In early 2003, Comet Kudo-Fujikawa (C/2002 X5) zipped past the
Sun at a distance half that of Mercury’s orbit. Astronomers Matthew Povich and
John Raymond (Harvard-Smithsonian Center for Astrophysics) and colleagues
studied Kudo-Fujikawa during its close passage. Today at the 203rd meeting of
the American Astronomical Society in Atlanta, they announced that they observed
the comet puffing out huge amounts of carbon, one of the key elements for life.
The comet also emitted large amounts of water vapor as the Sun’s heat baked its
outer surface.

When combined with previous observations suggesting the presence of evaporating
comets near young stars like Beta Pictoris and old stars like CW Leonis, these
data show that stars of all ages vaporize comets that swing too close. Those
observations also show that planetary systems like our own, complete with a
collection of comets, likely are common throughout space.

"Now we can draw parallels between a comet close to home and cometary activity
surrounding the star Beta Pictoris, which just might have newborn planets
orbiting it. If comets are not unique to our Sun, then might not the same be
true for Earth-like planets?" says Povich.

SOHO Sees Carbon

The team’s observations, reported in the December 12, 2003, issue of the journal
Science, were made with the Ultraviolet Coronagraph Spectrometer (UVCS)
instrument on board NASA’s Solar and Heliospheric Observatory (SOHO) spacecraft.
UVCS can only study a small slice of the sky at one time. By holding the
spectrograph slit steady and allowing the comet to drift past, the team was able
to assemble the slices into a full, two-dimensional picture of the comet.

The UVCS data revealed a dramatic tail of carbon ions streaming away from the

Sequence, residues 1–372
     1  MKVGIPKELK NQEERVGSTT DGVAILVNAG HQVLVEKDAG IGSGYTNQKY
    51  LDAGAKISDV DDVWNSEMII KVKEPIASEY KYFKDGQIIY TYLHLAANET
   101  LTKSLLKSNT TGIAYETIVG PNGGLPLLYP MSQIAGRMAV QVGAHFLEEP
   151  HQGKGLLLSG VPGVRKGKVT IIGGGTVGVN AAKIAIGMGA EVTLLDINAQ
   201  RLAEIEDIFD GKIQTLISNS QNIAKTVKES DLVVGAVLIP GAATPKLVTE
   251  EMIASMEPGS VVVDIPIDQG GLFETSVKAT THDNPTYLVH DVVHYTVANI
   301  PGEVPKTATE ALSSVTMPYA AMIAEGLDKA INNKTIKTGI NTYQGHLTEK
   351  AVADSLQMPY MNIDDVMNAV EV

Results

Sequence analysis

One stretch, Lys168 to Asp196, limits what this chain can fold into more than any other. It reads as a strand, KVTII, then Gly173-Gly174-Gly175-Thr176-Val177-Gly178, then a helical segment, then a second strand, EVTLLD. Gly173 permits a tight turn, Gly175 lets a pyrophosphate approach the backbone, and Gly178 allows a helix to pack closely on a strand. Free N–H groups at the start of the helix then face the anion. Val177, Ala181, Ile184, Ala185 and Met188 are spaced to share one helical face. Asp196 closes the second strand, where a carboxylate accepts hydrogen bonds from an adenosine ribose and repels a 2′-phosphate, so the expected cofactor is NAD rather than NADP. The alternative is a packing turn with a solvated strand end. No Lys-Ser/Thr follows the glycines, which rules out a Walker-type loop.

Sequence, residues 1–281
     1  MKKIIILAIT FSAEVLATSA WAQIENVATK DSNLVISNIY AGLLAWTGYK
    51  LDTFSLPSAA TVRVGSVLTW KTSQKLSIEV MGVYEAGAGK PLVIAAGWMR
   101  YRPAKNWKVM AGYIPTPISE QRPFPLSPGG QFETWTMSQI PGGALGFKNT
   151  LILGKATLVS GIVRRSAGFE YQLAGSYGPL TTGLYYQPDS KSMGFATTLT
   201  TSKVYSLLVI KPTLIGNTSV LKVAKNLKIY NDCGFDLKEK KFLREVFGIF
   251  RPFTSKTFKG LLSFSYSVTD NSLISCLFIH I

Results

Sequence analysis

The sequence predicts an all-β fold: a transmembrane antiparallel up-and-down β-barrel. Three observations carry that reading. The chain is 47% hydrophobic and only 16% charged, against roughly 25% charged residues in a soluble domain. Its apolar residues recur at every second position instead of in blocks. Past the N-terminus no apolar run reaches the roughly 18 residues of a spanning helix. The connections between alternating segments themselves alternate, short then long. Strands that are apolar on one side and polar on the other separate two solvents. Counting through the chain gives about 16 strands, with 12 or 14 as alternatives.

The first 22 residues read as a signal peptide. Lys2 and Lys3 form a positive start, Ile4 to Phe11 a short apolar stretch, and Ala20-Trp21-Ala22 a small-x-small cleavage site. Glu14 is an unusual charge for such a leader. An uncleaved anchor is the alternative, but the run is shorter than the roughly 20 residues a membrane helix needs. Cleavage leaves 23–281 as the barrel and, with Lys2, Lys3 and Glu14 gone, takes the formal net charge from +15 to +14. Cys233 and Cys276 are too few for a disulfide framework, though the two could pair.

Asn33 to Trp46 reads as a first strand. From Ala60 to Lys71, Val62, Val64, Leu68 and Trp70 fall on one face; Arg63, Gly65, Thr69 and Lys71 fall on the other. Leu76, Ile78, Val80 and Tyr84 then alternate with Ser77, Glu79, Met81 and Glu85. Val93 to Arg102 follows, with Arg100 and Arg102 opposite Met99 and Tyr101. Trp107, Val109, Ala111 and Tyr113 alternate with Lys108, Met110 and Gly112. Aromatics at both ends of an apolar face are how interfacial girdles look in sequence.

comet, generated by evaporating dust. The instrument also captured a spectacular
‘disconnection event,’ in which a piece of the ion tail broke off and drifted
away from the comet. Such events are relatively common, occurring when the comet
passes through a region of space where the Sun’s magnetic field switches

Cometary Building Blocks

More remarkable than the morphology of the carbon ion tail was its size. A
single snapshot of Kudo-Fujikawa on one day showed that its ion tail contained
at least 200 million pounds of doubly ionized carbon. The tail likely held more
than 1.5 billion pounds of carbon in all forms.

"That’s a massive amount of carbon, weighing as much as five supertankers," says

Povich adds, "Now, consider that astronomers see evidence for comets like this
around newly formed stars like Beta Pictoris. If such stars have comets, then
perhaps they have planets, too. And if extrasolar comets are similar to comets
in our solar system, then the building blocks for life may be quite common."
Understanding Our Origins

In 2001, researcher Gary Melnick (CfA) and colleagues found evidence for comets
in a very different system surrounding the aging red giant star CW Leonis. The
Submillimeter Wave Astronomy Satellite (SWAS) detected huge clouds of water
vapor released by a Kuiper Belt-like swarm of comets which are evaporating under
the giant’s relentless heat.

"Taken together, the observations of comets around young stars like Beta
Pictoris, middle-aged stars like our Sun, and old stars like CW Leonis
strengthen the connection between our solar system and extrasolar planetary
systems. By studying our own neighborhood, we hope to learn not only about our
origins, but about what we might find out there orbiting other stars," says

Other co-authors on the Science paper reporting these findings are Geraint Jones

(JPL), Michael Uzzo and Yuan-Kuen Ko (CfA), Paul Feldman (Johns Hopkins), Peter
Smith and Brian Marsden (CfA), and Thomas Woods (University of Colorado).
Headquartered in Cambridge, Mass., the Harvard-Smithsonian Center for
Astrophysics is a joint collaboration between the Smithsonian Astrophysical
Observatory and the Harvard College Observatory. CfA scientists, organized into
six research divisions, study the origin, evolution and ultimate fate of the

Note to Editors:

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